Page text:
Revolutionizing Business Decision-Making: The Impact of RAG

Published by Invisible Technologies on May 23, 2024

Invisible Technologies


Retrieval-Augmented Generation (RAG) – a technique that enhances the reliability of generative AI – is set to transform how knowledge workers access, use, and share information.

In the process, it will likely level the playing field in many highly skilled sectors, allowing smaller and mid-sized professional services enterprises the potential to compete with their much larger counterparts, says Rui Bai, Product Manager of AI and Machine Learning at Invisible Technologies. 

“For knowledge-based workers, RAG can help overcome many of the challenges associated with AI, especially when it comes to relevance and accuracy,” Bai says. “Best of all, because it can leverage existing large language models (LLMs) it’s accessible, cost-effective, and easily adapted to business uses.”

The Benefits - and Shortcomings - of LLMs

In the past 18 months, LLMs such as OpenAI’s ChatGPT, Google’s Gemini, and Meta’s Llama3 have transformed our capacity to research, write, and generate ideas. However, many professionals in sensitive industries have been reluctant to use them in their work processes due to their need for accuracy and privacy. 

“If you’re an investment bank or professional services firm, you operate in a ‘zero-error’ environment,” Bai explains. “You can’t have an LLM hallucinate and give you an unfactual answer when millions of dollars are at stake.”

Bai says these inaccuracies often happen because one of the greatest strengths of an LLM is also one of its greatest weaknesses.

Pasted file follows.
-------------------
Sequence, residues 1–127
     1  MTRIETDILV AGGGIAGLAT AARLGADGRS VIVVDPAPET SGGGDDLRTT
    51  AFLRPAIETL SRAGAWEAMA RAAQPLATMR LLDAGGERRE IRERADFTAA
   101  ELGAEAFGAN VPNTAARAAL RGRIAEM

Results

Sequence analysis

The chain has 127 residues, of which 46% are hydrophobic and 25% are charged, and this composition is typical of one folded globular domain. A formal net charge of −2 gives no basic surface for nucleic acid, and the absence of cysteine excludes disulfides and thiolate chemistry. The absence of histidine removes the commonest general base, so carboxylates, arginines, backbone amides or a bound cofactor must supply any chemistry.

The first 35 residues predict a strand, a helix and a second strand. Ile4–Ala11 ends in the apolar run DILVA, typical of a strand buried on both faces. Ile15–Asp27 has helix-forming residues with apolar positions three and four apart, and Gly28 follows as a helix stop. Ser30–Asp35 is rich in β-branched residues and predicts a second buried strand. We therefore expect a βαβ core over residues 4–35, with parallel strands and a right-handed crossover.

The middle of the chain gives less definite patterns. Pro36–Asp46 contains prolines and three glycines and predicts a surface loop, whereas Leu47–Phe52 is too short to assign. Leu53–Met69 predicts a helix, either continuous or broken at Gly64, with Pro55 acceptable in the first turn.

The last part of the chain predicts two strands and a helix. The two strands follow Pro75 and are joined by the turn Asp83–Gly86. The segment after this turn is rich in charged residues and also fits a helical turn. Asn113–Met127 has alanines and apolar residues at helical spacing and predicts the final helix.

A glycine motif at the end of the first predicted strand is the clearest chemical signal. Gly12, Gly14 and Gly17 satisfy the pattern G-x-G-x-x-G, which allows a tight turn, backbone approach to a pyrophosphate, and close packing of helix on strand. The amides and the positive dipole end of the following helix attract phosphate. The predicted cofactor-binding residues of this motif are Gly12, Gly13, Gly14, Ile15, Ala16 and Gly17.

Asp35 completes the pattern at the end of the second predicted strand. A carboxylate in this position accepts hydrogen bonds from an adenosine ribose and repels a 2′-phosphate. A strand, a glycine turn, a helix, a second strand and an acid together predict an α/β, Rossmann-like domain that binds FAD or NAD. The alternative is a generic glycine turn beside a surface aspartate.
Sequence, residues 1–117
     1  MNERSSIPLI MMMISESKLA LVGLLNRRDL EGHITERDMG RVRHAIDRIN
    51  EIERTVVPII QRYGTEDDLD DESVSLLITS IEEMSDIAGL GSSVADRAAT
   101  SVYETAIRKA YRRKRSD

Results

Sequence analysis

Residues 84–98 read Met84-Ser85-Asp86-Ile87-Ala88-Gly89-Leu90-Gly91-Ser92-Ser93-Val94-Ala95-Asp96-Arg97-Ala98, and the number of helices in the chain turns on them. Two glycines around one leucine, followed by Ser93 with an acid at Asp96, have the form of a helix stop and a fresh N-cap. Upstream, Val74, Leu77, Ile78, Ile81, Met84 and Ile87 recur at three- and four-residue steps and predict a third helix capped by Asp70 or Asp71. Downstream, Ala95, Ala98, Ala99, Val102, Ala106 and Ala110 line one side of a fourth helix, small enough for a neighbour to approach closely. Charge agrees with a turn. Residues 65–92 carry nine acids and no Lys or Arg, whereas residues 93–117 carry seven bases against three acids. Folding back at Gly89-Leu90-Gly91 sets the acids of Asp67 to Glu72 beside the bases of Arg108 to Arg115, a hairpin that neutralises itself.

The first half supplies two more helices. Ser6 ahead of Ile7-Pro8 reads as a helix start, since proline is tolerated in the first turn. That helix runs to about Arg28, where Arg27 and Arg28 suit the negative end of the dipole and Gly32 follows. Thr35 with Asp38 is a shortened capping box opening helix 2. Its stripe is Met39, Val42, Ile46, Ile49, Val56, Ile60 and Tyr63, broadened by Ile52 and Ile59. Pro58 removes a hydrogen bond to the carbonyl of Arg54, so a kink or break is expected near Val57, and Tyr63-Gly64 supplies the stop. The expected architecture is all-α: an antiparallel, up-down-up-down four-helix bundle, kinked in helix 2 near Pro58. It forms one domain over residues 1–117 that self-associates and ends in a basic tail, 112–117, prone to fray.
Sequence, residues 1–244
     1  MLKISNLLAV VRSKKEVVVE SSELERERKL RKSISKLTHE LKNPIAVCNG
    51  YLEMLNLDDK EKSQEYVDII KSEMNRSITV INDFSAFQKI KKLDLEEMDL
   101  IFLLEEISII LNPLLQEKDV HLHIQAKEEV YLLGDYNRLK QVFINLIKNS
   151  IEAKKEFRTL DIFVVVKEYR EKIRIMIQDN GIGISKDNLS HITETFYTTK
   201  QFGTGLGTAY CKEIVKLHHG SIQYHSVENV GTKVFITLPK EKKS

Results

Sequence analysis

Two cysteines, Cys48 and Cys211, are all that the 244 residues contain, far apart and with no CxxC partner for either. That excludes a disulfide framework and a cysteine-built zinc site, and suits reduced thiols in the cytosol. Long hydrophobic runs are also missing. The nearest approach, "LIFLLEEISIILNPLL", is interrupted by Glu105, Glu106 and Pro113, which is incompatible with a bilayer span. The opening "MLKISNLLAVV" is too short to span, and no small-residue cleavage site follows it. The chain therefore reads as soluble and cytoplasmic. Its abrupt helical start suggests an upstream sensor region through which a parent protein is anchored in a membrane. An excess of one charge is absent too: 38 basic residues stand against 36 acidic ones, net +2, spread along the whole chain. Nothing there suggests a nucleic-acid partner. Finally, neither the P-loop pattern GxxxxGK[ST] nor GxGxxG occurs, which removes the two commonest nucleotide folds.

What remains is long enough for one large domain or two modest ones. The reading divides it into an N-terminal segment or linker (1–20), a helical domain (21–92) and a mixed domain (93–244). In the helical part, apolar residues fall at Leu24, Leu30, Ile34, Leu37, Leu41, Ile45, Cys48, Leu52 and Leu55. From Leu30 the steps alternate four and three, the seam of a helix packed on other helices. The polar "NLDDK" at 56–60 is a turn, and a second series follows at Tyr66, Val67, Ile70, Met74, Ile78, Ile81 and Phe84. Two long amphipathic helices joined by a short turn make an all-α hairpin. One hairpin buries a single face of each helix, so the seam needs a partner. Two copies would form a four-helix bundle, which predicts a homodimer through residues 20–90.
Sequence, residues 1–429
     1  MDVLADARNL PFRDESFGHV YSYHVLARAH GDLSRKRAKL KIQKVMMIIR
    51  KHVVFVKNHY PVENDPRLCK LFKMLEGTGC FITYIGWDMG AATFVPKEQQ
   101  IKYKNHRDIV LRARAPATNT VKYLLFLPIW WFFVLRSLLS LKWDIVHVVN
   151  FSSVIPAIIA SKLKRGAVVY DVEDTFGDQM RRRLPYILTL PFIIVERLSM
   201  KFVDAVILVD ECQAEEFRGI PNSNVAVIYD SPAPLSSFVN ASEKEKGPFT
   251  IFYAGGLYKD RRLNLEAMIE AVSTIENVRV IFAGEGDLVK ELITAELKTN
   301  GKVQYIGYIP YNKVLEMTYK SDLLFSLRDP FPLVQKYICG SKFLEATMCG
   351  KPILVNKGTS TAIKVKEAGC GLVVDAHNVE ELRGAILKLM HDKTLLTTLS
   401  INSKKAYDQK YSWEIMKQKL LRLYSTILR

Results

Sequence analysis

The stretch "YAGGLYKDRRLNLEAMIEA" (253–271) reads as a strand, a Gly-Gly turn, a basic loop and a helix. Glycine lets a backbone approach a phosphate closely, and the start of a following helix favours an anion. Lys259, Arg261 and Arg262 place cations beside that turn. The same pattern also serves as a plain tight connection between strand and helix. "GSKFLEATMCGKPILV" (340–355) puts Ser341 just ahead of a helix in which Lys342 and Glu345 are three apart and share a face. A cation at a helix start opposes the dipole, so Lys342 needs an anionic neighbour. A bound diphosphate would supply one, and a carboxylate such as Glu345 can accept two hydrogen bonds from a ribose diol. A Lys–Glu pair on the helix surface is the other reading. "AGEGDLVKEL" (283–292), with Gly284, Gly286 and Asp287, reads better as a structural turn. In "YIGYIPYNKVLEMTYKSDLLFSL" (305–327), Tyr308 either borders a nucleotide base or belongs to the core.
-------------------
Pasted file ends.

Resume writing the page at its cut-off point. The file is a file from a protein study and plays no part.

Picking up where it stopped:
“LLMs are trained on an incredible amount of data. This means they can answer questions about almost anything, but it also means the information they base those answers on will be of varying quality. Some of it is likely to be out of date, and some of it will be out of context.”

Bai also explains that another reason LLMs sometimes provide unfactual answers is that they recognize patterns based on statistics and probability rather than fact. This can lead them to make suggestions that are statistically plausible, even if they’re factually incorrect.

Greater Specificity = Greater Accuracy: How RAG works

Bai says this is where RAG makes an impact. Instead of solely relying on a broad and variable dataset like an LLM, RAG combines the capabilities of an LLM with the retrieval of specific, verified information from internal or external databases—a synthesis that ensures its outputs are both contextually relevant and therefore improves accuracy.

For instance, a corporate law firm will have much of its intellectual capital tied up in precedents, which are essentially past or model contracts, letters, and written advice. Its lawyers will already be taking shortcuts and ensuring the quality of their work by drawing on these and using them to form the basis of new client work. 

RAG could take this several steps further, improving both the quality of answers and providing them much faster. It could draw on the firm’s entire body of work to provide immediate and high-quality answers about contract drafting, specific legal questions, or even questions around which arguments worked, enabling lawyers to quickly find relevant cases that support their arguments, or providing immediate and high-quality answers during due diligence processes.

Similarly, an investment bank could use RAG to train AI on past financial reports, market analysis, and financial models to provide instant opinions and documentation for new deals or pitches.